“Poor families generally prefer food entitlements to cash transfers for a variety of reasons: inadequate banking facilities, fear of misuse of money, lack of faith in the government’s commitment to protecting cash transfers from inflation, and so on,” said Jean Dreze, a development economist, in an email interaction. It is not the poor, but the government who stands to gain from cash transfers, by saving money. “That is certainly a consideration, but people’s interests come first,” Dreze said.
[Read Dreze’s full interview]
According to Dipa Sinha, advisor on nutrition, supreme court commissioners’ office on the right to food case, “Cash transfer puts the food security of poor families in danger. In the PDS system, these families at least have minimum ration. Even if they don’t get work and earn for a few days, they have some ration at home.” Then there are apprehensions about cash being used for non-food purposes, said Sinha, who also teaches economics at Ambedkar University, Delhi.
What will happen to MSP?
The issue of cash transfer might also severely impact the economic support system government provides to the farming community. If PDS is dismantled the government will procure less from the farmers, social sector experts said. “Because there is PDS there is so much procurement. If the government starts procuring only for buffer stocks, it will have to reduce its procurement,” Sinha said.
Last year, the Madhya Pradesh government had expressed its reservations over cash transfer primarily on this ground. “MP procures in huge amount from the farmers,” said Ashok Verma, principal secretary, food department, MP. The whole PDS system on one hand provides cheap ration to the poor on the other it facilitates MSP to farmers, he said. Another reason why the state opted for ration and not cash transfer, said Verma, was patriarchy. There are concerns that men may spend cash on non-food purposes and there are numerous studies available to prove it, he said.
The state has opted for second option under NFSA: end-to-end computerisation of PDS and deploying PoS terminals at all FSPs. The state has 22,400 FPS. “We have already deployed PoS in 13,000 shops and will cover the remaining by end of this month,” Verma said. “As we gradually link Aadhaar with PoS, our leakage will be zero,” he said.
Andhra Pradesh is a pioneer on this front. It has already achieved 100 percent computerisation. It provides ration to beneficiaries after Aadhaar authentication, recording every transaction. Gujarat too has completely computerised PDS. Deepak Kumar of the food ministry said that close to 18 states have opted to deploy PoS at all FPS. These states are at various levels of implementation, however, he said.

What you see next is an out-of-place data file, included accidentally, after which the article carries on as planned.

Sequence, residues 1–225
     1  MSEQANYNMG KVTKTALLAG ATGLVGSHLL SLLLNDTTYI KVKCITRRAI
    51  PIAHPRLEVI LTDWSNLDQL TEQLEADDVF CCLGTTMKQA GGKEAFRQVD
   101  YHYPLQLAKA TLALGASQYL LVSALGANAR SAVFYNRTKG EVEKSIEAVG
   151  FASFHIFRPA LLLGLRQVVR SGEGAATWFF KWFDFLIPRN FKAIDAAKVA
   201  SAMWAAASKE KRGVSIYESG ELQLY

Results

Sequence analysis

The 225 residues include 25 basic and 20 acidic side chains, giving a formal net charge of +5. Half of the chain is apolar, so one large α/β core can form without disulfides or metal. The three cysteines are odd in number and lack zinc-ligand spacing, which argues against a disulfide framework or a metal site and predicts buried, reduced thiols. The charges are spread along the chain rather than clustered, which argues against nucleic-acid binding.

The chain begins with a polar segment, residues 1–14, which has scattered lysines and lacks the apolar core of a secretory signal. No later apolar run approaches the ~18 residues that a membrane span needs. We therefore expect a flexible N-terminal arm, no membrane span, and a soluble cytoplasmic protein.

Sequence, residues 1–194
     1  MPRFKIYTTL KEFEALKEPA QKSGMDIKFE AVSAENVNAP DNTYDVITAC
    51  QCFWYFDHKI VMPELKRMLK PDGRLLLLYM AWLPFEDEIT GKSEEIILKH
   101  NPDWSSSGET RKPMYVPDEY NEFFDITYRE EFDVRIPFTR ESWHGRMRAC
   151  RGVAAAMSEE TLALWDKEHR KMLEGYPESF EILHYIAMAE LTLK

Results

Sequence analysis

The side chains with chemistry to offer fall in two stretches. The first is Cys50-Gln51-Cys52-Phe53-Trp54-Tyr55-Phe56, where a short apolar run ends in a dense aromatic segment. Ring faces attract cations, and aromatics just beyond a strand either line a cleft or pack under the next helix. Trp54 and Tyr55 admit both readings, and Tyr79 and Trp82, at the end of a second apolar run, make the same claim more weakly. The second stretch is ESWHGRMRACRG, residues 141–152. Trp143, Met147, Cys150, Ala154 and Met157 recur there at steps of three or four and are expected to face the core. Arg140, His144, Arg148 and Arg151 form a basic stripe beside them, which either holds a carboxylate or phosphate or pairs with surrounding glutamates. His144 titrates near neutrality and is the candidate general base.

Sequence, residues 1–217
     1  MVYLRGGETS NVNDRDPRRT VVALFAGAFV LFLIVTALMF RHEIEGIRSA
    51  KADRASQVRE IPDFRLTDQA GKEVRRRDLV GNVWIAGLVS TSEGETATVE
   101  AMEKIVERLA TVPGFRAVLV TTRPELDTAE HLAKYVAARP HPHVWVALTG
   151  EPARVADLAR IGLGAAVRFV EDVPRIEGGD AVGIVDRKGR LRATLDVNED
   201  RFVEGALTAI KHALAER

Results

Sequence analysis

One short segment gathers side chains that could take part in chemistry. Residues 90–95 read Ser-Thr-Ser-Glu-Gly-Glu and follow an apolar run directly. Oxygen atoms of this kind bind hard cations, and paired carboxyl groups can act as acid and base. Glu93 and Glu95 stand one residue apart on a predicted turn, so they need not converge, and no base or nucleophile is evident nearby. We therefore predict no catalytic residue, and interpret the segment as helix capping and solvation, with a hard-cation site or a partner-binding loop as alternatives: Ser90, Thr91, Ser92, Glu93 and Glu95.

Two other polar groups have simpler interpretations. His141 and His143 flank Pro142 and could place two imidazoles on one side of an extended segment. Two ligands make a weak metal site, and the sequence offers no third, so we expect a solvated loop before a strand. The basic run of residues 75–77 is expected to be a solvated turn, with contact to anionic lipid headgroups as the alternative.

Sinha of the supreme court commissioners’ office said that the government is also underestimating the last mile access to banking. “Even today villagers have to leave one day’s wage and travel to a nearby town to take out money,” she said. A gathering of senior officials from the cabinet secretariat and finance ministry at a conference organised by DBT mission directorate also recognised the last-mile banking access as a major challenge in successful rollout of DBT. The availability of business correspondents in rural areas is still an issue.
Inflation too is a major hurdle in introducing cash transfer in place of PDS. Government officials believe that the cash transfer should be linked to inflation index. Critics however take it with a pinch of salt. The government also promised to link pensions and other payments under welfare programmes with inflation, Sinha said. The beneficiaries are still being paid more or less the same amount they got earlier, she said.
Back in Sector 25 in Chandigarh, 41-year-old Guddi, a single mother with three children, struggles to make ends meet, as she hasn’t received a single penny of ration subsidy even after six months of cash transfer. She works as a domestic help and earns Rs. 3,000 a month. “Initially (under NFSA) I received 10 kg of wheat and 11 kg rice,” Guddi said, while one of her son lay in fever on a double bed which occupies most of the space of her one-room jhuggi. “Ab advance leke kaam chalate hain (Now I take ration and other food items on credit from the shopkeeper),” she said.
This article appears in th March 16-31, 2016 issue